Atria Books, Paperback, 9781439171103, 343pp.
Publication Date: August 24, 2010
Zora seems perfect. She's an enthusiastic caretaker, a competent house keeper, a great cook. And she wants the job, despite the fact that she won t let her African American parents and brother know anything about this new career move. They expect much more from her than to use all that good education to do what so many Blacks have dreamed of not doing: working for White folks. Working as an au pair in Paris, France no less, was one thing, they could accept that. Being a servant to a couple not much older nor more educated, is yet another. Every adult character involved in this tangled web is hiding something: the husband is hiding his desire to turn a passion for comic books into a business from his wife, the wife is hiding her professional ambitions from her husband, the nanny is hiding her job from her family and maybe her motivations for staying on her job from herself.
Memorable characters, real-life tensions and concerns and the charming in a hip kind of way modern-day Park Slope, Fort Greene, Brooklyn setting make for an un-put-down-able read.
“A great read! I can only imagine the discussions this novel will stimulate in book clubs.” —Kathleen Grissom, author of The Kitchen House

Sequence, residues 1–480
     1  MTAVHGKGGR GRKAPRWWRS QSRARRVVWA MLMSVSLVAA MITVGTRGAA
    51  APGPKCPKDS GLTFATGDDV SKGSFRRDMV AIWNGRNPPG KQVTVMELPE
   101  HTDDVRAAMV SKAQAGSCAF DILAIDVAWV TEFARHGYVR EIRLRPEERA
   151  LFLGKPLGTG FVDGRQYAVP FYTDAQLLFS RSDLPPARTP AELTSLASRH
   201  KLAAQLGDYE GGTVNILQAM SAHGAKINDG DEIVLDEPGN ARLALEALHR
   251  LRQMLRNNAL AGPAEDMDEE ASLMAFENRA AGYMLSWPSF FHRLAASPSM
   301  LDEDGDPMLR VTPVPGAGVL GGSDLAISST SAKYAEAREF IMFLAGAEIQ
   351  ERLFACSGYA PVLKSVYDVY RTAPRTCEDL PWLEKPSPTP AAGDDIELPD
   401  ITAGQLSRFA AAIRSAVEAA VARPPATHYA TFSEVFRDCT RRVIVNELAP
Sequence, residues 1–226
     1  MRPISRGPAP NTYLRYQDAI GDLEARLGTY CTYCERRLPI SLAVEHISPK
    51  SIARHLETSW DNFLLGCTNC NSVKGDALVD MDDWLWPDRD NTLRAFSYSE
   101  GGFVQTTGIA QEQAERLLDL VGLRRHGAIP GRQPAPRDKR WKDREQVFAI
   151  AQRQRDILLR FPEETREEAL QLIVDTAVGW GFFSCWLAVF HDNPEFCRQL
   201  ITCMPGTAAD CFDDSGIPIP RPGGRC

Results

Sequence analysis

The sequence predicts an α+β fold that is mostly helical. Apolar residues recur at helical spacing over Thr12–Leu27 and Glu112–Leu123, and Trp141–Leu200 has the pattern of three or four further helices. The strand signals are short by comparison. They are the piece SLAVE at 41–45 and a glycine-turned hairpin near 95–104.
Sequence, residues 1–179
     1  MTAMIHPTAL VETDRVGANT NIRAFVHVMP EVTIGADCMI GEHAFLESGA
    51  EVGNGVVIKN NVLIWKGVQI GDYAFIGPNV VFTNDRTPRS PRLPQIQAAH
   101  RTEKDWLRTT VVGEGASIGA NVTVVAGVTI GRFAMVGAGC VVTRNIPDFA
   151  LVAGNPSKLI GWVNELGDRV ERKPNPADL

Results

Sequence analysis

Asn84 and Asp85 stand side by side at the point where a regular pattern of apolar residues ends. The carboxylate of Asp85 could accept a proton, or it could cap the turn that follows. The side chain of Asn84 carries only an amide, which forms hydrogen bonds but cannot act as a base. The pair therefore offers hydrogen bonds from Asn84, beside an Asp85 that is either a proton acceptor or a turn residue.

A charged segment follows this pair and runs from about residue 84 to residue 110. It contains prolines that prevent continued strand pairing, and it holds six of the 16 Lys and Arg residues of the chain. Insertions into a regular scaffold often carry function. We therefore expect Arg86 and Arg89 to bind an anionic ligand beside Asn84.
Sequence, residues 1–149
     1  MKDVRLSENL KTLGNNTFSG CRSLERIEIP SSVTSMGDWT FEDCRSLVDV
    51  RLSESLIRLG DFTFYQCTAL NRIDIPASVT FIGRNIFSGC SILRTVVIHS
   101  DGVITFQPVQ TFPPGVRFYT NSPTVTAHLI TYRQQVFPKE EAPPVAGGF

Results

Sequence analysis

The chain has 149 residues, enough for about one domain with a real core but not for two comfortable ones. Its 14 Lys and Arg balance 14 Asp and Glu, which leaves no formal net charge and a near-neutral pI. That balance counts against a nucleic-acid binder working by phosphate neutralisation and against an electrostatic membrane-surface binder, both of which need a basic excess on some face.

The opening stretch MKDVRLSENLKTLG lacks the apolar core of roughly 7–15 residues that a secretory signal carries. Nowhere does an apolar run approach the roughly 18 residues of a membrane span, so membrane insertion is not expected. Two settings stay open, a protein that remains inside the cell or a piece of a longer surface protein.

“With a perceptive and honest eye, Lori Tharps delivers a compelling story that eases us into the heart of a family. But, just as we settle in, we learn that all is not as it appears. Suspense follows, for we know the solution to the unfolding dilemma cannot come without pain.” —Kathleen Grissom, author of The Kitchen House
“Book clubs: Substitute Me will give you so much to talk, laugh and argue about, you might want to schedule two meetings to discuss it. Days after finishing it, I'm still debating who the villain is. Lori Tharps has written a timely, engaging page-turner that every working mom in America should read!” —Carleen Brice, author of Children of the Waters
“Lori Tharps’s warm and engaging novel about the struggles of juggling marriage, motherhood and a meaningful career focuses on a story we’re each living, but also exposes the secrets we won’t tell. An enjoyable read.” —Heidi Durrow, author of The Girl Who Fell from the Sky
A fresh, fun, view of "the help" from a writer to watch. -- Benilde Little, author of Good Hair